Johan Jessen Essay

Limits of logic

September, 2020

Technology is becoming more advanced, more intimate, and more real. Building advanced technology requires a firm grasp of logic. But it's not enough. To solve the grand challenges and build a fantastic future we must move beyond logic. We must expand our thinking and include beauty, storytelling, and imagination. Imagination is a powerful force exactly because it helps us explore what could be and not just what is.

Logic can be blinding. It can limit our ability to see and embrace the creative richness and contradictory wonder of the real world made up of real people. Our technical minds should extend beyond known constructs and precise reductions. Into the world of wonder and possibility. If we only concern ourselves of the rationale and probably, we extinguish our ability to imagine the the possible.

Escape the cage

Bret Victor highlights how we must strive for a more humane representation of thought. I urge you to take his call to action seriously. The tools we build shape our thinking and if we're not careful our thinking will be driven into smaller and smaller cages.

Bret Victor's "The Humane Representation of Thought".

This cage shows up on curious ways. In 2009, Marissa Mayer, employee number 20 at Google, gave an interview highlighting her commitment to design and data driven decisions. The product and design teams at Google Search couldn't agree on which hue of blue to use for the tool bar so she asked them to test 41 gradations to see which ones consumers might prefer. Very rational to just let the data "decide". Yet, it's also devoid of imagination and opinion. It's side-stepping the uncomfortable process of committing to an idea based on creative thought. We can call it taste. Google has come a long way since then but the legacy of this thinking has spread all over Silicon Valley. Logic alone is not enough if we aim to solve the hardest problems out there.

There's a popular saying in the Valley, "you are what you measure." The problem is that you can only measure what you are able to isolate, quantify, and observe. Growth needs metrics. But life is messy. The most important things are often the hardest to measure. Think about all the complex human emotions like love, envy, or purpose. Can you really reduce love to a numerical value or a logical statement? By focusing on the narrow, we risk sacrificing our understanding of the whole. False precision can be a cruel mistress. We have all the metrics, yet seem more confused about our goals than ever. As venerable ad man Rory Sutherland says, "Once you attach a metric to an objective, hundreds of once-possible imaginative solutions to your problem become invisible." The cage is real.

Consider how social media has been singularly optimized for "engagement"; how many clicks, likes, shares, and impressions. Engagement is based on precise metrics offering a one-dimensional perspective of the experience; is the user hooked or not? This is dangerous because it doesn't actually capture why we're engaged (or enraged). Engagement metrics don't measure the quality of the information, it's emotional impact, or even its credibility. Media modulates your attention and shapes how you feel, act, and think. "Who controls the memes, controls the Universe" as Elon Musk quips.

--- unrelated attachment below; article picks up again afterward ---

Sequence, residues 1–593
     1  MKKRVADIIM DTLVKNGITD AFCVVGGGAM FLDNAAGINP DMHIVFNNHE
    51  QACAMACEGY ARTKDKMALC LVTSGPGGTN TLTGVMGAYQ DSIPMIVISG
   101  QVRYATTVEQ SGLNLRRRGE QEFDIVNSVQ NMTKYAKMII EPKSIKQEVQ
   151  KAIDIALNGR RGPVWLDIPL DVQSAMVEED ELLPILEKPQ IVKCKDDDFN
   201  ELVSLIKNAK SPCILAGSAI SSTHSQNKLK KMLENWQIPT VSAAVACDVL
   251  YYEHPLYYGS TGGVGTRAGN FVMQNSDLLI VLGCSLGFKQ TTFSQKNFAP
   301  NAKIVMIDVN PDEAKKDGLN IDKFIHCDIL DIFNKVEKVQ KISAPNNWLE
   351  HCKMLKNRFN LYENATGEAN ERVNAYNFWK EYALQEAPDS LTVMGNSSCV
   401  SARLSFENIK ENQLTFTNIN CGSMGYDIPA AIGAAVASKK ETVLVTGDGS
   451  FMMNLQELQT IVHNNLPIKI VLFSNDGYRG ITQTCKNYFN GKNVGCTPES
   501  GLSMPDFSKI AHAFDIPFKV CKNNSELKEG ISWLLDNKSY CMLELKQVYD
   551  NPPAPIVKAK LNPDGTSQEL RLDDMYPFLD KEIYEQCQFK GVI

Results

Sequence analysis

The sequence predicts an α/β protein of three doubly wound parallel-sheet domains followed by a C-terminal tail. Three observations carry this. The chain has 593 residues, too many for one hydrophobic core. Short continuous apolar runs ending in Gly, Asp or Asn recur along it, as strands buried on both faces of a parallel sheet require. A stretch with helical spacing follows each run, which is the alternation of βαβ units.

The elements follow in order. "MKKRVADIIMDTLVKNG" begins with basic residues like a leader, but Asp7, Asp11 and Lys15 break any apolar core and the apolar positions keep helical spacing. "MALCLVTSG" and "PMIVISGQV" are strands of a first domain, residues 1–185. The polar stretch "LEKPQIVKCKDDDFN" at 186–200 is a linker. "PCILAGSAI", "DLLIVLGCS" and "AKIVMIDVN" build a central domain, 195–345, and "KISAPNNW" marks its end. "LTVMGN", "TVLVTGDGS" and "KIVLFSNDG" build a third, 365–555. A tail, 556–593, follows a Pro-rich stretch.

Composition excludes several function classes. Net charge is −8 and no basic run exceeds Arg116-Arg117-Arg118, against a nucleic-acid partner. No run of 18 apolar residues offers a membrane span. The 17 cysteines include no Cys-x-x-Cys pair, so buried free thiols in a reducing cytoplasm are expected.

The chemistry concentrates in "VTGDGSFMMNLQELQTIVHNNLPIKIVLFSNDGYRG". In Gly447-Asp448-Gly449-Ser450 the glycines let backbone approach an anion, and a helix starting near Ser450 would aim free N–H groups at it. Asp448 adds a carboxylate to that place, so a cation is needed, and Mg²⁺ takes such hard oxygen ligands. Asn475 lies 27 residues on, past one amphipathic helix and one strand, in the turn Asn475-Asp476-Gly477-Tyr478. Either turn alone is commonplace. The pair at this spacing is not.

Let ideas ferment

Instead, give your attention a rest and ignore logic. Just for a bit. Let your ideas ferment. That's what Claus Meyer and René Redzepi did when they opened their restaurant Noma in Denmark in 2004. It was not obvious that it'd be a gastronomic success. Against conventional wisdom the team picked local Nordic ingredients. Hardly known for their gastronomic delight. They explored and elevated the traditional fermentation process. They did something never done before. They changed the national culture through food. They made something radically new and won. They broke the cage of logic and it worked.

Noma in Copenhagen is one of the world's greatest dining places.
Noma in Copenhagen is one of the world's greatest dining places. Photo by Noma.

Or take Pixar. During the construction of the Pixar campus, Steve Jobs made the illogical but wise choice of placing the bathrooms in the middle of the atrium instead of off to the sides with easier access. This deliberate friction meant employees had to walk further and wait to use the limited facilities. Facility Management and HR were surely not amused. But it meant the employees would bump into each other more often. Sparking random conversation led to creative inspiration. Pixar launched the computer animated film industry and is still the most award-winning animation studio today. It pays to break free of logic.

Imagination is the fluid dynamic to logic's rigid structure. It's the beginner's mind unshackled from the burden of reason. It's how art influences technology and technology influences art. We shape the tools and the tools shape us. Ultimately design shapes how we think. And if we're trapped in the cage of logic, we're tragically limiting ourselves and our human potential. Designing a better future requires us to break the cage of logic and imagine the possible.